Design of voice compression algorithms and implementation of a voice over IP application
LE3 .A278 2007
Bachelor of Computer Science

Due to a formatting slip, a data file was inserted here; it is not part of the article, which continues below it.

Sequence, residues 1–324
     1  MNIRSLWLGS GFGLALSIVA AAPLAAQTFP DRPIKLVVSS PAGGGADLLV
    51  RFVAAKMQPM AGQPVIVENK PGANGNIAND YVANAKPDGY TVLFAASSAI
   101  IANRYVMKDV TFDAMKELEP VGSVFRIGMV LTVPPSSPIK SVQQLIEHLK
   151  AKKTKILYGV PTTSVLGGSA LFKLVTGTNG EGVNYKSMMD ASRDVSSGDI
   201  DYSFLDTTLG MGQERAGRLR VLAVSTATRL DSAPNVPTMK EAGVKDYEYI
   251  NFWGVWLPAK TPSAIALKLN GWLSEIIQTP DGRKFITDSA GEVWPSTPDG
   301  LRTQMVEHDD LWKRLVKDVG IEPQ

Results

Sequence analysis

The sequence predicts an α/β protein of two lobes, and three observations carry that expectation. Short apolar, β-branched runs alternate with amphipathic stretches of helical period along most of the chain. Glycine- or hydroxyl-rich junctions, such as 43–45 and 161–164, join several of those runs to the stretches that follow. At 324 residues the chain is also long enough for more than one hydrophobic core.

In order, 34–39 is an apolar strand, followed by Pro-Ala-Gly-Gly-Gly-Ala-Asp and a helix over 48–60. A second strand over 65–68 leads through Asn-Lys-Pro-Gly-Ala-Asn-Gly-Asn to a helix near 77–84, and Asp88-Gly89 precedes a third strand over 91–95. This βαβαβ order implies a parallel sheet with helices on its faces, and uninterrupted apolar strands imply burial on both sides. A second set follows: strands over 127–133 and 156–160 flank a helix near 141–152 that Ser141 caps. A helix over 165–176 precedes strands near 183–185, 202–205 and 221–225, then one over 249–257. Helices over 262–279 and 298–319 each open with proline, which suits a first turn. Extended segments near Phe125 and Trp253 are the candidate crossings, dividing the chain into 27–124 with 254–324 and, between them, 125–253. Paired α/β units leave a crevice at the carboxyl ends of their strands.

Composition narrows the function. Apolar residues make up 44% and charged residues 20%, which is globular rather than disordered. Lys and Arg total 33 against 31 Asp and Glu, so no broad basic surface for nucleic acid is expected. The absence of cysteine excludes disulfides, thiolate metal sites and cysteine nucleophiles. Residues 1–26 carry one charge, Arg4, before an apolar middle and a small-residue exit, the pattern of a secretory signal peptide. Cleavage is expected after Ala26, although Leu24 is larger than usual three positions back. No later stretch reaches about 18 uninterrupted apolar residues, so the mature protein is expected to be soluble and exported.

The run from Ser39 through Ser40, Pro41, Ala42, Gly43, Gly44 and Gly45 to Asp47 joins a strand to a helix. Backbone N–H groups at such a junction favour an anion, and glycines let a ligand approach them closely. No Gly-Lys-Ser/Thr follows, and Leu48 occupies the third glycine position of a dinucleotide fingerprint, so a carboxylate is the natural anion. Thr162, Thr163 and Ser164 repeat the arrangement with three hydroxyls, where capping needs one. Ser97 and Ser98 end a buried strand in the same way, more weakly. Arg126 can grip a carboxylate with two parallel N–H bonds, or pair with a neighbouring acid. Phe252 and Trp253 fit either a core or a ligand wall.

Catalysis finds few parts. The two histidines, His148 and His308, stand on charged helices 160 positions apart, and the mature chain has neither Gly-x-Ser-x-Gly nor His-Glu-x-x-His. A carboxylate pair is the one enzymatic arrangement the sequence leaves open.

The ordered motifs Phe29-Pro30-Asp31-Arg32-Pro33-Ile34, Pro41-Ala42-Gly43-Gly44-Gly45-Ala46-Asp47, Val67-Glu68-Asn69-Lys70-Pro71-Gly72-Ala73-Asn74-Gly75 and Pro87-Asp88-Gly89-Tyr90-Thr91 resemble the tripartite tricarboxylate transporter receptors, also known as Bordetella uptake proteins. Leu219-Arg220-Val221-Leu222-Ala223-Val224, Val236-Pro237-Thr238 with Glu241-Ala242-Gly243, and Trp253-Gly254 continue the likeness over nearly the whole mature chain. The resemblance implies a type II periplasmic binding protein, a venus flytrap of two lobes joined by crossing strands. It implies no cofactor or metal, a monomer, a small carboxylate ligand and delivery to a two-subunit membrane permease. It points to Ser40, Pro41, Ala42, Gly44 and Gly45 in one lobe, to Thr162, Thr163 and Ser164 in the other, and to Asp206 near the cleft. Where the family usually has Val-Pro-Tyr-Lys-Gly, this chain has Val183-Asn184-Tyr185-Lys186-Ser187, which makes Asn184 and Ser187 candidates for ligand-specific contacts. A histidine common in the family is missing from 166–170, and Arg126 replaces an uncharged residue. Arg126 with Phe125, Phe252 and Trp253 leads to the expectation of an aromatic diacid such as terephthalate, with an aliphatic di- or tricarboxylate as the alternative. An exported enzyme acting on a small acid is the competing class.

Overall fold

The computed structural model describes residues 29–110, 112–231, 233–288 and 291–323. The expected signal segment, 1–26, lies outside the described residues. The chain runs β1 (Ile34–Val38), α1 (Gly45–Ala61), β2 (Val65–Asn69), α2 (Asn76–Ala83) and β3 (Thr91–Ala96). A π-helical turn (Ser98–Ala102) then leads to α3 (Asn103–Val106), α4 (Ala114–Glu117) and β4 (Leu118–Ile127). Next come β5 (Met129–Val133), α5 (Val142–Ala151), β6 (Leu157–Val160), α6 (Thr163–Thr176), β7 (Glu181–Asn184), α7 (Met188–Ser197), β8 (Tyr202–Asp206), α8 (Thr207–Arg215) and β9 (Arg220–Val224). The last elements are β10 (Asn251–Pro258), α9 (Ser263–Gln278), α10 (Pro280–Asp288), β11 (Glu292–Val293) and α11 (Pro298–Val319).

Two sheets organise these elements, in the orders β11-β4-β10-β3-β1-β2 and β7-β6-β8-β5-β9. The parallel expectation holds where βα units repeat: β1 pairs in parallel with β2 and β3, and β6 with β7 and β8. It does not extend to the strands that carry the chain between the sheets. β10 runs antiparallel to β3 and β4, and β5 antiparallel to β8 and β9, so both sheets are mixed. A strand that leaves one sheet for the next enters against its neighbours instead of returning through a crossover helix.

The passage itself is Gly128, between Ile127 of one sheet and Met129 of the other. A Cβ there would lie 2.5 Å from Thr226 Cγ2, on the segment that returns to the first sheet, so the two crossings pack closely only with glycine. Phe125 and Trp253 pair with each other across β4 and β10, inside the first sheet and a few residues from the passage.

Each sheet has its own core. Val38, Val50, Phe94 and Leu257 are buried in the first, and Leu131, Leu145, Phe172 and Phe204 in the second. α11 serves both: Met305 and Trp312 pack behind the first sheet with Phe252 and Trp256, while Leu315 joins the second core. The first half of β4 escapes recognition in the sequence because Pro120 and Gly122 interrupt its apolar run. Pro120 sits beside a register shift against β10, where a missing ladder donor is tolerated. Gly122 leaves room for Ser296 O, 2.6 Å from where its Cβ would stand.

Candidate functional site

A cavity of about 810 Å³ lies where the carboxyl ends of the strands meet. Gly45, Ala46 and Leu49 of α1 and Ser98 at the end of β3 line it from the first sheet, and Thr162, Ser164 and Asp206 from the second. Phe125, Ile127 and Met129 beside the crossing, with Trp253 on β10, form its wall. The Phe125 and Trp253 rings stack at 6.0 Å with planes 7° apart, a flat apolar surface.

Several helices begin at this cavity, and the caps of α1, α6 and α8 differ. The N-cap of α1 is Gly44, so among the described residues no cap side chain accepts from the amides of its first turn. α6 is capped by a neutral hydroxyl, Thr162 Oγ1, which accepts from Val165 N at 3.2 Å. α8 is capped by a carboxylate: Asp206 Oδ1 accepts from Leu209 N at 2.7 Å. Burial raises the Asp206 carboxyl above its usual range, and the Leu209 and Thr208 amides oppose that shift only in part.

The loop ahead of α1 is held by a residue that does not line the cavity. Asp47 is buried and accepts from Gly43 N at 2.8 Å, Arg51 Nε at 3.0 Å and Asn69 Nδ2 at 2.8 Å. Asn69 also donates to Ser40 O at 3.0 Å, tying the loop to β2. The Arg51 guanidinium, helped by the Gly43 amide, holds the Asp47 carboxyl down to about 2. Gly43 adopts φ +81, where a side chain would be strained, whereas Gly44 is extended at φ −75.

This thesis presents a Voice over Internet Protocol (VoIP) system. The purpose of this system is to enable high-speed Internet users to have real-time conversation with each other, as smoothly and clearly as possible. Towards this end, this thesis proposes two novel approaches to compress human voice and analyzes the pros and cons of each method. One voice compression approach is a prediction-based method which uses known voice data to build up other data, then uses this new data for further prediction. Another method borrows the Human coding idea, which exploits the non-uniformity of the distribution of the difference between two adjacent samples in the voice data. In addition, this thesis compares the novel approaches to other open-source codecs by calculating numerical measurements of the distortion generated by the codecs. Finally, the design and implementation of a VoIP application are discussed. The aim of the design is to ensure that the system could be easily integrated with any of the two compression methods as well as others. The design has a technique to minimize lag that may occur in a real-time conversation. In addition, the design has a mechanism to analyze the output of different codecs every time a data frame is transferred. Based on this analysis, the best codec (in terms of compression ratio and audio quality) is chosen to compress that particular data frame. The VoIP application has been implemented in C for the Linux environment following the design. The application works well with both voice compression methods to provide a real-time conversation in a local area environment, which demonstrates the efficiency of the two compression algorithms and the overall system design.
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